The sonographic characteristic of testicular tumours was the heterogeneous appearance of the testes. Tumour lesions appeared less echogenic than normal testes in 83% of cases, also reported by Arger et al. [7]

The seminoma was hypoechoic, homogeneous and had sharply circumscribed margins, while Nonseminomatous Germ Cell Tumours (NSGCT) were characterized by heterogeneous echotexture, irregular margins and cystic spaces. Similar observations were made by Nachtscheim et al. [8]

A case of Azzopardi tumour was noted. Grantham et al. [9] also reported hyperechoic foci in six out of seven regressed germ cell tumours of the testes.

Testicular microlithiasis was noted in one case (16.6%) of testicular tumour. Berger et al. [10] reported microlithiasis to be present in 35% of their patients with testicular tumours.

The distribution of blood vessels within the tumour was random and disorganized in hypervascular tumours. These findings were similar to those observed by Horstman et al. [11]

Enlarged para-aortic lymph nodes were the most common site of metastases detected in 66.6% cases of tumours. This feature was also observed by Mostofi FK et al. [12]

Acute Inflammation

50% patients were in young sexually active males. Testes were involved in 50% cases. Most common sonographic feature was hypoechogenicity of the testes (37.5% cases). Horstman WC et al. [13] reported involvement of testes in 20% to 40% of cases. They also reported that epididymis was the commonest anatomical structure involved in acute inflammation with hypoechogenicity. Associated peritesticular fluid and spermatic cord thickening was seen in 62.5% and 31.3% cases. CD could demonstrate increased flow with increased PSV and reduced RI.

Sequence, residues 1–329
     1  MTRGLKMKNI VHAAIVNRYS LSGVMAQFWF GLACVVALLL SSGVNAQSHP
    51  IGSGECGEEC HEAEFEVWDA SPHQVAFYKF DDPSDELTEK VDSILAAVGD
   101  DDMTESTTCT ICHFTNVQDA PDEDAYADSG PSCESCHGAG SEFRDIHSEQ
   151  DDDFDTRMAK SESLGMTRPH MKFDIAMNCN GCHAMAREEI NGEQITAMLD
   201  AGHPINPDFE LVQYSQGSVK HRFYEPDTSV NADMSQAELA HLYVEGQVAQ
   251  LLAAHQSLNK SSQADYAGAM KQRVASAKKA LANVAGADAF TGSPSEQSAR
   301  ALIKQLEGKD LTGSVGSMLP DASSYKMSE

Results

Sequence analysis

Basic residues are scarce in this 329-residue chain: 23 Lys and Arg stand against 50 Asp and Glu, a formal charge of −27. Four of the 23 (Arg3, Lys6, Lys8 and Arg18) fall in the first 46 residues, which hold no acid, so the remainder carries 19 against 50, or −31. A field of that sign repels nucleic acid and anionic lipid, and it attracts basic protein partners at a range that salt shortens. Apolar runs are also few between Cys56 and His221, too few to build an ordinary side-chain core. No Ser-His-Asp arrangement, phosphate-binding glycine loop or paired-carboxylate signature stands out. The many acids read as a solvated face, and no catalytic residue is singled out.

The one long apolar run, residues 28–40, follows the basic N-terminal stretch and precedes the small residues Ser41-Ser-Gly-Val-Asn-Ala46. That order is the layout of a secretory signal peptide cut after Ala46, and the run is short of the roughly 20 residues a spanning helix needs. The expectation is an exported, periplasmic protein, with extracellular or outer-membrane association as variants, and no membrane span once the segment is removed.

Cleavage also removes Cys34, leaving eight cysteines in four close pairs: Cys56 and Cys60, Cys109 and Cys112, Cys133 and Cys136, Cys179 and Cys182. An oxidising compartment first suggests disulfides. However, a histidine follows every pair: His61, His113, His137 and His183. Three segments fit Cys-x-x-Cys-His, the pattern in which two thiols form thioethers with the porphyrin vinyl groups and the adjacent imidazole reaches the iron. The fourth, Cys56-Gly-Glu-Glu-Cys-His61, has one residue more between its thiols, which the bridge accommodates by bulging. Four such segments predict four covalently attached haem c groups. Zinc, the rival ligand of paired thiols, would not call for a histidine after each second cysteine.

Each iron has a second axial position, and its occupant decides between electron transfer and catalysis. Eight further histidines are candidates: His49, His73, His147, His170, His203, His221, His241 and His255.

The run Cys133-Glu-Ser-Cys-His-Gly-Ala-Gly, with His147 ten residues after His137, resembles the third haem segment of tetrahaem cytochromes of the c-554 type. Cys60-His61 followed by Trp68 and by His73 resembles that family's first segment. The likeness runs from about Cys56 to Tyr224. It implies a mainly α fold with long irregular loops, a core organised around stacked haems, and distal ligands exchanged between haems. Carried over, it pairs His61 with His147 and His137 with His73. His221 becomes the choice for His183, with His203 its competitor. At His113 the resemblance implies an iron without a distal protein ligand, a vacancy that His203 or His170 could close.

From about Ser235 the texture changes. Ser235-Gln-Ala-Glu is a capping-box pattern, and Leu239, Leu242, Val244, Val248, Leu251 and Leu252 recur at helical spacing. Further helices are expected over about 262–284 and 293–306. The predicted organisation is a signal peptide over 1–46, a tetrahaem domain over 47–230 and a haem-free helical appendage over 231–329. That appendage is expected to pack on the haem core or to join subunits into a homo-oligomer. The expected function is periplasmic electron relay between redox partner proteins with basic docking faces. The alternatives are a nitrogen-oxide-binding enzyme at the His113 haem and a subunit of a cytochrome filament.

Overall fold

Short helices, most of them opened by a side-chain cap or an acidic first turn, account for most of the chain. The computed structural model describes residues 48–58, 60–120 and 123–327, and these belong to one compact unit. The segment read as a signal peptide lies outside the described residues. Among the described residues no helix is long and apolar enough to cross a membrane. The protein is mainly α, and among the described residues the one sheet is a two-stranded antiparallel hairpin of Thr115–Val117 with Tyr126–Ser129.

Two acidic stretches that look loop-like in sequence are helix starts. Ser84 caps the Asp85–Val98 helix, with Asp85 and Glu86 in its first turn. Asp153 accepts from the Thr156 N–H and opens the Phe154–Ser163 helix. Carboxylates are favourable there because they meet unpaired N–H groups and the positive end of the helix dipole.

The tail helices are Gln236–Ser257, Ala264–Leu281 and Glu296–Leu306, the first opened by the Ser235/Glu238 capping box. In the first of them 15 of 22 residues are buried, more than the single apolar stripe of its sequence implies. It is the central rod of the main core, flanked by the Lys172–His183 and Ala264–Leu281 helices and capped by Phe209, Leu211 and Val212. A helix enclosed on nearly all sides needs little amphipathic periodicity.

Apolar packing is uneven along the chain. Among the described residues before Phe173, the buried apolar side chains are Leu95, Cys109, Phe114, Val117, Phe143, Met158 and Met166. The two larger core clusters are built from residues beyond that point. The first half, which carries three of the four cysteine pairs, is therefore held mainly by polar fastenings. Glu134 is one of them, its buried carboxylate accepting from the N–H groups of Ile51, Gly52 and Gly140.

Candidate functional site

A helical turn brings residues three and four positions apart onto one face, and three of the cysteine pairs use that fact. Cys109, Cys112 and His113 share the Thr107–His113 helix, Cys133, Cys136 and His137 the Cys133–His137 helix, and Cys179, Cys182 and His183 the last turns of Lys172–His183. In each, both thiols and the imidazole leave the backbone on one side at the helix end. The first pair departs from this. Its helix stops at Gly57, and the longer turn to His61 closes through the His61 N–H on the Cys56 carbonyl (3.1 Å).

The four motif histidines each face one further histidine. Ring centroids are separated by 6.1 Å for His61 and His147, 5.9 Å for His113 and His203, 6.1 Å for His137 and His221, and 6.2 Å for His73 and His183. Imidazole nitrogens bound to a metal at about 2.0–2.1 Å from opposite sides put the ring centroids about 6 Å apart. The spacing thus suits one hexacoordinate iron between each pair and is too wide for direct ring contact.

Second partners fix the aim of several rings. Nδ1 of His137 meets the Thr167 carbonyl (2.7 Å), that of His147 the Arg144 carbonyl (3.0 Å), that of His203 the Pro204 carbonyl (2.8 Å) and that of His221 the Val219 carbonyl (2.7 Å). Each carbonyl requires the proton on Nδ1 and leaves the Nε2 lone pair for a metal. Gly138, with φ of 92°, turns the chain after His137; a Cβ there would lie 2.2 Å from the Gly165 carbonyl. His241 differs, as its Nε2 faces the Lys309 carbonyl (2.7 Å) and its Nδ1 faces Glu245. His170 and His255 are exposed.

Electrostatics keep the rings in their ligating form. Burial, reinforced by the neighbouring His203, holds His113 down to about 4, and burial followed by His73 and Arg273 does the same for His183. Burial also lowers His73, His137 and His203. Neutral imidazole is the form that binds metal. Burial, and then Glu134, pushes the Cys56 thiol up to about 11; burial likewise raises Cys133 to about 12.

Two testicular abscesses and one epididymal abscess were seen as complex fluid collections with internal echogenic material and debris. Similar findings have been reported by Horstman WC et al. [13]

Chronic Inflammation

Eighteen cases of chronic inflammation of scrotal structures were included in the study. Majority of age group of 21 to 30 years noted.

Testes were involved in 27.7% cases as compared to 83.3% of epididymis. Epididymis enlargement was diffuse (27.5%) with hypoechoic echotexture (33.3%).

Involvement of spermatic cord was noted in 38.9% cases. Evidence of tuberculosis in lung was associated in five cases (27.7%). Epididymal calcification was noted in 5.5%) cases. Strikingly similar observations were noted by Kim et al. [14]

On CD, 22.2% of patients with chronic inflammation showed increased vascular signals; 5.5% testes and 5.55% of epididymitis (Normal on gray scale) showed increased vascularity on CD and were considered abnormal.

Thus, undiagnosed cases of orchitis and epididymis (One each) were detected, which were normal on gray scale sonography which was detected on CD. Increased sensitivity and specificity of CD to assess scrotal inflammation has been asserted by Barton JW [15]

Testicular Torsion

Two cases of acute and one case of chronic testicular torsion were included in our study with all was under 20 years. Tumeh et al. [16] described torsion to occur commonly between the ages of 12 to 18 years. Features indistinguishable to those of torsion were noted in five cases of acute inflammation on gray scale sonography alone. Bird et al. [17] also remarked same.

On sonography, the commonest pattern was enlarged testes (66.6%) with heterogeneous echopattern as most common pattern (66.6%). Bird et al. [17] found similar findings in testicular torsion.